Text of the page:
He published many papers in all major international cartographic journals. His book, Cartographic Drawing With Computers, the first in its kind, was published by the University of Nottingham, UK in 1982.

Professor Yoeli’s contributions to Cartography and GI Science are respected by the international academic and professional Cartography and GI Science communities. The awards he received in Israel and internationally for his research reflects the esteem in which he was held globally.

The International Cartographic Association extends its sincere sympathy to Professor Yoeli’s widow, Agnes, his family, friends and colleagues.

William Cartwright

Category: General News

Ingrid Kretschmer (1939–2011)

The long-time president of the Austrian Cartographic Commission, academic teacher of generations of cartography students at the University of Vienna and outstanding cartographic researcher Ingrid Kretschmer has passed away.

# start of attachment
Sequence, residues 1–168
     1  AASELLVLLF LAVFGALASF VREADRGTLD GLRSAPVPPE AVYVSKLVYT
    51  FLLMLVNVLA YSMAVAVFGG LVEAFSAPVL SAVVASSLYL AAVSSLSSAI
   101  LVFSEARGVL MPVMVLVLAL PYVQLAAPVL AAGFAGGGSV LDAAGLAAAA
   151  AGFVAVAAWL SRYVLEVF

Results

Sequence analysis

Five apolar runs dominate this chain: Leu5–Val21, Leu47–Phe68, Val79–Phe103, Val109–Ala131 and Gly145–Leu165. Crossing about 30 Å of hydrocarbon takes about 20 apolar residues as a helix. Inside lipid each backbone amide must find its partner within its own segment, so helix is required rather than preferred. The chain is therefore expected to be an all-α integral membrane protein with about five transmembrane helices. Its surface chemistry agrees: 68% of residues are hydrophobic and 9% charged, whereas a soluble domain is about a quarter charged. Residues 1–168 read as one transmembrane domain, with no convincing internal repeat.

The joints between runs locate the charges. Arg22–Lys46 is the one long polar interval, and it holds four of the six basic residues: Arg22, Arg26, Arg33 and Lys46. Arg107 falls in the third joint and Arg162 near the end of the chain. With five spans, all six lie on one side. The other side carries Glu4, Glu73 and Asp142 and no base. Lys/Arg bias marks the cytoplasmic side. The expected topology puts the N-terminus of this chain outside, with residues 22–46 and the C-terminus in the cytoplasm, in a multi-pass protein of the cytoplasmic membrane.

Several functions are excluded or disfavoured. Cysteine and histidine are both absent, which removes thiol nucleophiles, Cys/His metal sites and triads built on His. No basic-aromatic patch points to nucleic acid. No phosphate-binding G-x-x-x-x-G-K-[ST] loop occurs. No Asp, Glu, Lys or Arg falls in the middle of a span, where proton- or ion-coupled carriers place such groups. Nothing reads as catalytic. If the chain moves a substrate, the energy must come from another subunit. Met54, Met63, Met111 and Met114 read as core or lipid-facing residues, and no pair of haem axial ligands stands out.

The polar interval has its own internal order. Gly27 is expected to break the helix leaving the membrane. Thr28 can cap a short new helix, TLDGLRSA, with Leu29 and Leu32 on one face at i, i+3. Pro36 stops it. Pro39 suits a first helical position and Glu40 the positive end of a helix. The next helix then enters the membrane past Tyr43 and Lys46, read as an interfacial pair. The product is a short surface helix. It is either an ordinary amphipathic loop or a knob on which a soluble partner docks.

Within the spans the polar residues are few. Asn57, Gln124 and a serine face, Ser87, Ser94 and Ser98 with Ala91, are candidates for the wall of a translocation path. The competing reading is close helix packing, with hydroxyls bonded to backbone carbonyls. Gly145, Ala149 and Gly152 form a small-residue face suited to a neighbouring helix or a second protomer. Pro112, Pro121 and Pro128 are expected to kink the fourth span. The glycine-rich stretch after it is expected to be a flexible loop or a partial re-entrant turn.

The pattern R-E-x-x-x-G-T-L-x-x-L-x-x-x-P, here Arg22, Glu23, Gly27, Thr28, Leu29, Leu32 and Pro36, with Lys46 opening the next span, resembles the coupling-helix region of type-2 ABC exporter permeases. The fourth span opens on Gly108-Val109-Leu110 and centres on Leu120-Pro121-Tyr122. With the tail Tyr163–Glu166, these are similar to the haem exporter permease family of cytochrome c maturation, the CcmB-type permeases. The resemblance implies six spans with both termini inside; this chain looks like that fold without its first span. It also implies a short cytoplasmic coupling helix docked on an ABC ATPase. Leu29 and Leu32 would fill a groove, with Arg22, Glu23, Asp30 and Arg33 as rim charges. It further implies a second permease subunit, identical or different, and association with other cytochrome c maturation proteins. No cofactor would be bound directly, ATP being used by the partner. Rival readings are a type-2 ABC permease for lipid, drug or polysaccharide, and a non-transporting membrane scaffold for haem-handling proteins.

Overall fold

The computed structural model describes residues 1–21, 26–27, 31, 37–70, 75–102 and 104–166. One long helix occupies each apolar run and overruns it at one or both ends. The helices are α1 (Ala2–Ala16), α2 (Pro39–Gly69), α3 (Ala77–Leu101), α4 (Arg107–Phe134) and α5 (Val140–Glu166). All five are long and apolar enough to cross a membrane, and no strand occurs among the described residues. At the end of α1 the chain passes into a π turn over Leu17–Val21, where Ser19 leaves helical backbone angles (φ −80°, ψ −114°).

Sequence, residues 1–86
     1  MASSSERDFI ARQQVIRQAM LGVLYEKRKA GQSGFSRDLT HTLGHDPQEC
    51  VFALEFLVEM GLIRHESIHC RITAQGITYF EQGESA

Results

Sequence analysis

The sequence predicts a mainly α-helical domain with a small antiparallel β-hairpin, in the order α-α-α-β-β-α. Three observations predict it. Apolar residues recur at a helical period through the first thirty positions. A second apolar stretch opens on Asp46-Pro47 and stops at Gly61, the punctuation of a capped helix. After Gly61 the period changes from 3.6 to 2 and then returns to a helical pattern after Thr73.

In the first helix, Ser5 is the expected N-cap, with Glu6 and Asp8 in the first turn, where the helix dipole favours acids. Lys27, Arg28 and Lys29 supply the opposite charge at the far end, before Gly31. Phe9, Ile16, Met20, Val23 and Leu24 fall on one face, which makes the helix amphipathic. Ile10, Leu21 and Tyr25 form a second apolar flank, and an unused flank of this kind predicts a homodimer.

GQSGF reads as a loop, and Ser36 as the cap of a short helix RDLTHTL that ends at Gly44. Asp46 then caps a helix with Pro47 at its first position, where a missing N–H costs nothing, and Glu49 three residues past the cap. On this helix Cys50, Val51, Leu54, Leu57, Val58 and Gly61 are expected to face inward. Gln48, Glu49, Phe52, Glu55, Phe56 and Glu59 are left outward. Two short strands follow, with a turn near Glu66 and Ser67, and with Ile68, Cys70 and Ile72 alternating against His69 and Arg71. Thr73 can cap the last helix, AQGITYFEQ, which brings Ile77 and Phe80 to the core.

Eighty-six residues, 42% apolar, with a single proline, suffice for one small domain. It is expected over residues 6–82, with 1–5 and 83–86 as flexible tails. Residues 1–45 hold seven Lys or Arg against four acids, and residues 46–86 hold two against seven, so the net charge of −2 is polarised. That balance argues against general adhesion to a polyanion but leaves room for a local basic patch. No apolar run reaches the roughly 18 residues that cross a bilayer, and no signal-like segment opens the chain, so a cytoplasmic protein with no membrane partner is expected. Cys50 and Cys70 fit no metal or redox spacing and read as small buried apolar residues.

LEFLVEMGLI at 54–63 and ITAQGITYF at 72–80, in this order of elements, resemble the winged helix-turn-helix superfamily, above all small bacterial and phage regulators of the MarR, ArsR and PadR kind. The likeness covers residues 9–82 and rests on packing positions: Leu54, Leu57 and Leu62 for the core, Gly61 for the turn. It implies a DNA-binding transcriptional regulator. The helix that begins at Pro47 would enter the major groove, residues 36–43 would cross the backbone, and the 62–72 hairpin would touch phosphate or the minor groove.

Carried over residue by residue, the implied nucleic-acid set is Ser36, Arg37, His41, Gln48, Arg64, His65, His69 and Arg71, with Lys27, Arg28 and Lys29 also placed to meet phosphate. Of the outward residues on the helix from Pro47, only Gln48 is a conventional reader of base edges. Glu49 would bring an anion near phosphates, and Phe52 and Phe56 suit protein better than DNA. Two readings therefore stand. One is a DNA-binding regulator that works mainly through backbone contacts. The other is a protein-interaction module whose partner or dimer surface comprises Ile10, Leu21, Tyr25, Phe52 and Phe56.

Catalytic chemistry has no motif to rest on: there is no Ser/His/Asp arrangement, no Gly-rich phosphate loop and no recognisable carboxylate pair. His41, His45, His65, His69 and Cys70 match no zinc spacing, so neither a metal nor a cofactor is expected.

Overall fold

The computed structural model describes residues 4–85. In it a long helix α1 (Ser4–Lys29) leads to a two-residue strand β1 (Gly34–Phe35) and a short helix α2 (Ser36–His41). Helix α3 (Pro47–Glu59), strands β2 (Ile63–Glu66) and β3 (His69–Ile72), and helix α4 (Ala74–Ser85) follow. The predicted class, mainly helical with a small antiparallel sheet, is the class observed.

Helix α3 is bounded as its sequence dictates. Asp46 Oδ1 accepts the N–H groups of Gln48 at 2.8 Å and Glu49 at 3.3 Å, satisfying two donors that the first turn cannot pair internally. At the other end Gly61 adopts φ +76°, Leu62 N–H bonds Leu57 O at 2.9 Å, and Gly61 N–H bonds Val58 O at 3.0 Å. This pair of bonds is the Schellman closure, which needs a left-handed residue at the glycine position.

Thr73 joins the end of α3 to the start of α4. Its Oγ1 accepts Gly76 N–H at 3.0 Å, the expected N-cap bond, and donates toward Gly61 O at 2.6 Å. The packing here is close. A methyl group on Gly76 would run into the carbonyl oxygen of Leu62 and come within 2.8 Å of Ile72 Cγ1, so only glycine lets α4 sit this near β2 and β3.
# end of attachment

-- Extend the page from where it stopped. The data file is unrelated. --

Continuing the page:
Ingrid Kretschmer was born in Linz, Austria, on 22 February 1939. Her academic career began in 1966 as university assistant at the Institute of Geography, University of Vienna under supervision of Erik Arnberger. She worked as university lecturer at the Institute of Geography and Regional Research of the University of Vienna till her retirement in 2004.

Ingrid Kretschmer dedicated her whole life to cartography both at university and scientific associations. She was a constant contributor to the Cartography and Geoinformation teaching during the long vacancies of the professorship of geography and cartography in the Institute.

Besides the administrative duties, Ingrid Kretschmer dedicated herself to education, in which the history of cartography, thematic cartography and school cartography were her specialisations. Many graduates remember the exactness and rigorous attention to the correct usage of professional terminology, which was characteristic of Prof Kretschmer.